Diamond Offshore Drilling executives say they are preparing for an era of growth, with 187 drilling rigs under construction or on order. Those rigs will require thousands of new workers over the next few years.
New workers means training. A lot of training.
So the company this year opened a nearly $10 million Offshore Technology Center with some of the world’s most advanced simulators. The goal is to train employees for Diamond and other companies looking to expand their ranks and get workers up to speed quickly.
Diamond CEO Lawrence Dickerson spoke with the Chronicle recently about the challenges of such a growing offshore industry. Edited excerpts follow.
Q: Why are so many new offshore rigs on order or under construction?
A: What drives our business is success from the customers. People aren’t going to order rigs if they aren’t going to be able to use them to find a well, and so far exploration efforts around the world in deep and ultradeep water have yielded really amazing results. Brazil, the Gulf of Mexico, West Africa and increasingly in other places, they’re just finding lots of oil. So a company that may have an ultradeep-water ship under contract is faced with a choice: Do I stop exploring and finding oil while I use this tool now to develop and produce the oil? And so rather than making an either-or choice, often they’re going out and contracting another rig.
Q: The expenses of leasing, supplying and operating an offshore rig are increasing and can cost an oil company around $1 million a day. Why are companies continuing to go offshore instead of investing in onshore shale developments? How big a challenge is shale to your business?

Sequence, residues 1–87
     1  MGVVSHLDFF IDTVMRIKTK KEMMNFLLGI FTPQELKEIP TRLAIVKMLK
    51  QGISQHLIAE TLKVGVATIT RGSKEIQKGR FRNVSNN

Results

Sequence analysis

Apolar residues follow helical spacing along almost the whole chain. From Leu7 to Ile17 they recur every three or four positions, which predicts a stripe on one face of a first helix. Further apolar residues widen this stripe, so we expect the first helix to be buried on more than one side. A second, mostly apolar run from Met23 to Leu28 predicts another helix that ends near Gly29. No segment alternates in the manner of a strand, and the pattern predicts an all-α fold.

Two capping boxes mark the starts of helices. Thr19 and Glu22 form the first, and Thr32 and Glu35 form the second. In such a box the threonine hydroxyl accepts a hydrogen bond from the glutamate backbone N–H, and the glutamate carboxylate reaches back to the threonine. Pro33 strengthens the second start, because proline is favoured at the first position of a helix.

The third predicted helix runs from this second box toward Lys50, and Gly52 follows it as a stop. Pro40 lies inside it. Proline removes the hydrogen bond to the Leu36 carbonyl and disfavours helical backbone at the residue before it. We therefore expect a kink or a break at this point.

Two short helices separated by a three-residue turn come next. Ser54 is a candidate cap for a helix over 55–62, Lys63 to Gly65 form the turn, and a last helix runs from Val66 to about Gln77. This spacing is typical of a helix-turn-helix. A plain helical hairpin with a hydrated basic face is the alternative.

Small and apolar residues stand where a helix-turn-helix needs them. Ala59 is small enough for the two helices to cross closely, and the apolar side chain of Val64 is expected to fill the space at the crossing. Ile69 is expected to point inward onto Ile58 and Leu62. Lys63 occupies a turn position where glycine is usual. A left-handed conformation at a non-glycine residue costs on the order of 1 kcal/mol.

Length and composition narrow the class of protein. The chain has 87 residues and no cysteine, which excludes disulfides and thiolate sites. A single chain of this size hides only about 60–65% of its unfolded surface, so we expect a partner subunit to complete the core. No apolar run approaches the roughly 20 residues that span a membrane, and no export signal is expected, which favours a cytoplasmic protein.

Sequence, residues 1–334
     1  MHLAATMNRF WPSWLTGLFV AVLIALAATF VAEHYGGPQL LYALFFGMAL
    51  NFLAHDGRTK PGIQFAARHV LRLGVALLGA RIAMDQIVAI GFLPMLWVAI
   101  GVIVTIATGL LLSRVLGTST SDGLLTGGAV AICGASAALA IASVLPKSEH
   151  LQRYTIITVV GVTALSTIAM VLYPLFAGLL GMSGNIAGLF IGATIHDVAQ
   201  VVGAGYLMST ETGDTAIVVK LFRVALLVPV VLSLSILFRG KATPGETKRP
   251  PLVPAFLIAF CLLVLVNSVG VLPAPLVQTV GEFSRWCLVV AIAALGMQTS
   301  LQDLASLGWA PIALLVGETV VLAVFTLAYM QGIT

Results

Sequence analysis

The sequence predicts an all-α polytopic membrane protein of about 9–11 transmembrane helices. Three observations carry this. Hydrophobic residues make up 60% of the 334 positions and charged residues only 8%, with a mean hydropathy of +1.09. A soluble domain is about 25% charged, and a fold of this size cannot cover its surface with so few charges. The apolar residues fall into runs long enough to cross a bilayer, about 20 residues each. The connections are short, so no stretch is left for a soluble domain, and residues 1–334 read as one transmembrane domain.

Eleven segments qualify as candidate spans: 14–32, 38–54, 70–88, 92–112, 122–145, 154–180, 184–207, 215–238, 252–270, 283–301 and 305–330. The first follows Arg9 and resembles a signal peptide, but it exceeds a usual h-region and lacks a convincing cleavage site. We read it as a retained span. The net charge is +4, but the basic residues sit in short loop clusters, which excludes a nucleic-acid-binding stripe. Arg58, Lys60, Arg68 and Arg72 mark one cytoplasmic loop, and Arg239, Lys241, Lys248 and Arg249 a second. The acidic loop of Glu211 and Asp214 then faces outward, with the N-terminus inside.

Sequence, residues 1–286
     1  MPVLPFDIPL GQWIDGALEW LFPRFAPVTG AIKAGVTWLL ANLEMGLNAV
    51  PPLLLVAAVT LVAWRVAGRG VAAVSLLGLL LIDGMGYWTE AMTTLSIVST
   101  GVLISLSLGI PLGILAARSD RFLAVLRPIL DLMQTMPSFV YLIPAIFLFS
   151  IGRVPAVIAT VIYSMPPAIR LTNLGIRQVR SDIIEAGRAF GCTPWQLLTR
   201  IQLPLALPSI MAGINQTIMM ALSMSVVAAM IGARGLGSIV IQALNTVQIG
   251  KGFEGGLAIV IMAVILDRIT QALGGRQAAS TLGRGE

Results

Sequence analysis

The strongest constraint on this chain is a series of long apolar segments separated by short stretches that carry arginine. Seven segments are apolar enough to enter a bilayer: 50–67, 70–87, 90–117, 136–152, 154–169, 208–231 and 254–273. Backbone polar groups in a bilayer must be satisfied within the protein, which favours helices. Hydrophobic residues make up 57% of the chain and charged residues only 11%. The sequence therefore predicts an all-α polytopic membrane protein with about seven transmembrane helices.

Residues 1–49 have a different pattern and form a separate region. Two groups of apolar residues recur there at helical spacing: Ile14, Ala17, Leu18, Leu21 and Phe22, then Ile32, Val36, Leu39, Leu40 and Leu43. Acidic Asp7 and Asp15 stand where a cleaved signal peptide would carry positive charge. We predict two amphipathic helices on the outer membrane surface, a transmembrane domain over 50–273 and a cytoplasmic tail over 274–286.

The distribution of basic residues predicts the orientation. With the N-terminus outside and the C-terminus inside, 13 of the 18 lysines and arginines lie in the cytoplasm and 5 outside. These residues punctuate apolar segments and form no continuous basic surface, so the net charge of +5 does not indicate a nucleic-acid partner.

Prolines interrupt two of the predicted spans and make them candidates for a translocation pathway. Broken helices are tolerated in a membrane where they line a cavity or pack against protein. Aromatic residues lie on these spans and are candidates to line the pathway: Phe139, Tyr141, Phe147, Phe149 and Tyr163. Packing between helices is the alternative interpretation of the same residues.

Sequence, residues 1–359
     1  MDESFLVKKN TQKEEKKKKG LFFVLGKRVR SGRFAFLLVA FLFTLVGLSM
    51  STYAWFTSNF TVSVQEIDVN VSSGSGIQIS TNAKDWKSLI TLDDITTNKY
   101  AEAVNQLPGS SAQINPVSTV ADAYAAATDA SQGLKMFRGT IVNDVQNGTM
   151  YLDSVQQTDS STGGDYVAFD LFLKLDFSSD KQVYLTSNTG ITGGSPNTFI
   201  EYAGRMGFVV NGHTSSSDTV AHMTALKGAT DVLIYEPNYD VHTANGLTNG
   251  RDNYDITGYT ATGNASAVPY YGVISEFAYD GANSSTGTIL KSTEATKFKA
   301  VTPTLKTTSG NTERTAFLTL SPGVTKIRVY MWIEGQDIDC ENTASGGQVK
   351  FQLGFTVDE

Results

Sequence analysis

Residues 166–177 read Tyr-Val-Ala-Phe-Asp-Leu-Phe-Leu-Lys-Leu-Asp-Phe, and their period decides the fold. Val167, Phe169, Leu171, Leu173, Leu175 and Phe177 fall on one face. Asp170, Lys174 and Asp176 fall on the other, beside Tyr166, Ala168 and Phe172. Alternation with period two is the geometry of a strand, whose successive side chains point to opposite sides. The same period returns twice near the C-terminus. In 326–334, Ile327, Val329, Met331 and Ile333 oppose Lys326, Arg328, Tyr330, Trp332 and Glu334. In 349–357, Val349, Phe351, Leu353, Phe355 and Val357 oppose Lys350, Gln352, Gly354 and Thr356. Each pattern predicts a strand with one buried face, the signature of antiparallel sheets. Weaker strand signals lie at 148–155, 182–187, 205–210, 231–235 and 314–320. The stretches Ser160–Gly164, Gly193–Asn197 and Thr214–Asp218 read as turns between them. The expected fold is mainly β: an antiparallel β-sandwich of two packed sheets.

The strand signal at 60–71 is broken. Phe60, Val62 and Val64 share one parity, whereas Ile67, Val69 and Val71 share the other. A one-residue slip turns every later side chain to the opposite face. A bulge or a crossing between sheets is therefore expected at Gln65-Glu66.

A: We haven’t seen the impacts of shale at this juncture. The shale oil is largely responsible for the increase in U.S. production, so maybe a million barrels a day, which is actually fairly small from a worldwide basis of marginal oil coming on. So they need everything. They need both shale oil and offshore oil.
Q: Is it becoming more of a big boys’ game to be an exploration and production company operating offshore because of the costs compared with onshore?
A: There’s a certain size you have to be, but increasingly we’ve seen companies that once stayed out of the deeper water moving into the deep water. It’s easier to raise money because the potential upside is so much greater in deep water. In recent years, a new company, Cobalt International Energy, has been finding that’s working. Anadarko Petroleum Corp. is a very substantial independent that is moving out there, and Apache Corp. has acquired some deeper water. … There’s obviously a cutoff. So some independents stick to land, but pretty much if you go offshore, with few exceptions, most of them try to head as deep as they can because of the prospects that are out there.
Q: What is your new training center going to do for your business?
A: We talk about the number of rigs, the day rates and the investment that’s required to do that, but none of that works without people, trained people. Traditionally this industry is trained on the job, but we’re just running into limitations on that. At one time, we had the bed space on some of our existing rigs to utilize people for training purposes. A lot of those beds now are full of subcontractors that are helping on the exploration, so there’s not a lot of excess space out there. And even to the degree that we are able to utilize that, we need something more. So a training center like this is a great way to evaluate people, to give them some training.